Nevada Supreme Court Answers Questions of First Impression in Lesbian Custody Dispute Involving Donor Insemination and Co-Parenting Agreement

Posted on: October 8th, 2013 by Art Leonard No Comments

The Nevada Supreme Court ruled unanimously on October 3 that a child can have two mothers and that a co-parenting agreement made by two women before their child was conceived through anonymous donor insemination with one woman providing the egg and the other being the gestational mother, can be enforceable as an agreement by parents who are presumed to have the best interest of their child at heart.   Reversing a trial court decision that treated one of the women as a mere surrogate mother with no legal rights, the court returned the case to the trial court for a new determination of parental rights.

Justice Nancy M. Saitta wrote the opinion in St. Mary v. Damon, settling several questions of first impression under Nevada law, and giving heavy weight to California decisions that interpret similarly-worded statutes.

Sha’Kayla St. Mary and Veronica Lynn Damon moved in together about a year after their relationship began, and decided to have a child together.  According to St. Mary, they decided to have Damon contribute the egg for in vitro fertilization with sperm through an anonymous donor, the resulting ovum to be implanted in St. Mary, in order that both of the women would have parental status, St. Mary as the birth mother and Damon as the genetic mother.   After the procedure was performed they both signed a co-parenting agreement, under which they agreed that if their relationship ended, they would “each work to ensure that the other maintained a close relationship with the child, sharing the duties of raising the child, and make a ‘good faith effort to jointly make all major decisions” affecting the child.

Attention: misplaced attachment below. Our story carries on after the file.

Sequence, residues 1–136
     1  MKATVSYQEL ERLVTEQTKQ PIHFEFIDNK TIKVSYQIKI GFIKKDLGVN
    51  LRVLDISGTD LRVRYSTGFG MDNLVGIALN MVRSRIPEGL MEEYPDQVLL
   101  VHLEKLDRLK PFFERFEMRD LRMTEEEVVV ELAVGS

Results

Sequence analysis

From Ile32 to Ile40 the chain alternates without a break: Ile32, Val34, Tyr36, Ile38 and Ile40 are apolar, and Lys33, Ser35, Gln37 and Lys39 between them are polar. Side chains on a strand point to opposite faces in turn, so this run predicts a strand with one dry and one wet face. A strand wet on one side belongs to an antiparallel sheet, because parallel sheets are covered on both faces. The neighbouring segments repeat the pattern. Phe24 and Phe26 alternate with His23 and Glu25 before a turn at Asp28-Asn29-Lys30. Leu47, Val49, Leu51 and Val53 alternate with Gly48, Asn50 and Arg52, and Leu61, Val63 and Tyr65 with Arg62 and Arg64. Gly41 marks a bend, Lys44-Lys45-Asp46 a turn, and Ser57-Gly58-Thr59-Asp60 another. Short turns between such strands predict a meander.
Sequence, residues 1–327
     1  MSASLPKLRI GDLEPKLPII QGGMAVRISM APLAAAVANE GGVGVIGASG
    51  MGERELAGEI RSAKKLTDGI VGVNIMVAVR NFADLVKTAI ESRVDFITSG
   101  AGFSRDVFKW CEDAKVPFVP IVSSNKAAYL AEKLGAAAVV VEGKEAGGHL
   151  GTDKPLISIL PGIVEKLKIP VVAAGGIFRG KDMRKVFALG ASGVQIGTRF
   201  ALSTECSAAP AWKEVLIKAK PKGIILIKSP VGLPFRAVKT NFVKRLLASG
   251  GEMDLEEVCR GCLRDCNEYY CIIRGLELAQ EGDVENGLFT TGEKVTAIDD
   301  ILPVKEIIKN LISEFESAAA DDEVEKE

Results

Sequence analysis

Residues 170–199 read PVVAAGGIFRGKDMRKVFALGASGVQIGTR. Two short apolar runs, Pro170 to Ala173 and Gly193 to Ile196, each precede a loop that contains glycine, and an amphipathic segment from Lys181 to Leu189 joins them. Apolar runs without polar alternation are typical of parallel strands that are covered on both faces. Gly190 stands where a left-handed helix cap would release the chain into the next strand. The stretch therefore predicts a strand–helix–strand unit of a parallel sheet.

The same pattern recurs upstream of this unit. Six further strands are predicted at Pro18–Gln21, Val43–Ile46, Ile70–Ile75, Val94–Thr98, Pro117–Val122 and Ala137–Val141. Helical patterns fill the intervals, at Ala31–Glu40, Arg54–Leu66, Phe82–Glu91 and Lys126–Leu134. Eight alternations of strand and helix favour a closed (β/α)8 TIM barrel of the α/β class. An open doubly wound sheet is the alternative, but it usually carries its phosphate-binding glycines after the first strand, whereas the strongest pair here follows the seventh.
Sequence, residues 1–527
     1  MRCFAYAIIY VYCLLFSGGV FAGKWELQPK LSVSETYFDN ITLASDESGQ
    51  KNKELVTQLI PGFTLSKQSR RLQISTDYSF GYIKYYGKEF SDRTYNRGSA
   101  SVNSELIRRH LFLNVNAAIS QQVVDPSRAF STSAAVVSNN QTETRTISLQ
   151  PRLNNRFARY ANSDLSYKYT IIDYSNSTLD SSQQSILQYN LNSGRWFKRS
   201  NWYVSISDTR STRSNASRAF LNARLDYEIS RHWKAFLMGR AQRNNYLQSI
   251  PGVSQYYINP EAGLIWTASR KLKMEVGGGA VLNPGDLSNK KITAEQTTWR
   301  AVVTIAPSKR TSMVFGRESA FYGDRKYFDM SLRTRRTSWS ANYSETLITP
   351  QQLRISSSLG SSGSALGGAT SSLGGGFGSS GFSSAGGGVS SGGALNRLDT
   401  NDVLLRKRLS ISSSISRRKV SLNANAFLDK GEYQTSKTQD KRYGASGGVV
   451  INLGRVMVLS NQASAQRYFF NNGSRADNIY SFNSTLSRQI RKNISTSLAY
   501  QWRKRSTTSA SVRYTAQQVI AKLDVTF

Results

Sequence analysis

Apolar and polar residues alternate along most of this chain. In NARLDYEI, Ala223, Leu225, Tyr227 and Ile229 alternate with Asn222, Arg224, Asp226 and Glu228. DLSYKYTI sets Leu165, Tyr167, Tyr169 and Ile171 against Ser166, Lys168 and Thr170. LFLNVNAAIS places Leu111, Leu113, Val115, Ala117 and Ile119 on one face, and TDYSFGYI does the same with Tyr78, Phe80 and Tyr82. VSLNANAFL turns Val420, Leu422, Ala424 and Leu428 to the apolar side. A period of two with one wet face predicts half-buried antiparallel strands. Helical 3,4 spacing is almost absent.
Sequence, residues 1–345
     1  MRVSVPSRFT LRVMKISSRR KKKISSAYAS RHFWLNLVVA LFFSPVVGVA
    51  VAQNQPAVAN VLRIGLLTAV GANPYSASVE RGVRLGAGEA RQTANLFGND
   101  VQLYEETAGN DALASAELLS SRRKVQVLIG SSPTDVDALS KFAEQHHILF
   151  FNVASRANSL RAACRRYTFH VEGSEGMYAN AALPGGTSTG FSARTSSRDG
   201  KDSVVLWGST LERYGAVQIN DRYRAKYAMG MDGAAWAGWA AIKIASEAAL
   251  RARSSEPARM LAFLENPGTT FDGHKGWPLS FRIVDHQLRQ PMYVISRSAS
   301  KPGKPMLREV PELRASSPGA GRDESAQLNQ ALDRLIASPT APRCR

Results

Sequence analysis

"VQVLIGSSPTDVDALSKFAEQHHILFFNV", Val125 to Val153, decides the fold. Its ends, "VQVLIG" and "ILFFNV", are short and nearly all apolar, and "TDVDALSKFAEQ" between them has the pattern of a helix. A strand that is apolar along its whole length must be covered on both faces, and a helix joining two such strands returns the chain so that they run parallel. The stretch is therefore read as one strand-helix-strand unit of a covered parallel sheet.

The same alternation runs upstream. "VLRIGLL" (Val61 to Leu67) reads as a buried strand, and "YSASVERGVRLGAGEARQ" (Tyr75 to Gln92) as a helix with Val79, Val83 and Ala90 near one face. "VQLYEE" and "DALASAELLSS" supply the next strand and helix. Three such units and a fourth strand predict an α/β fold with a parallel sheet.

St. Mary gave birth to the child in June 2008, and was listed on the birth certificate as the child’s only parent, but the child was given a hyphenated last name to reflect both mothers.  About one year after the child’s birth, the women ended their relationship, St. Mary moved out of the home, and they disagreed about how to share their time with the child.  However, St. Mary cooperated with Damon by signing an affidavit declaring that Damon was the biological mother of the child, which Damon used to get a court order to have the child’s birth certificate amended to list her as a mother.  The court declared that Damon was “the biological and legal mother” of the child, and ordered that the birth certificate be amended to add Damon’s name as a mother.

Then St. Mary filed the lawsuit seeking to establish custody, visitation, and child support, but Damon responded that as the biological mother she was entitled to sole custody, attaching the 2009 court order.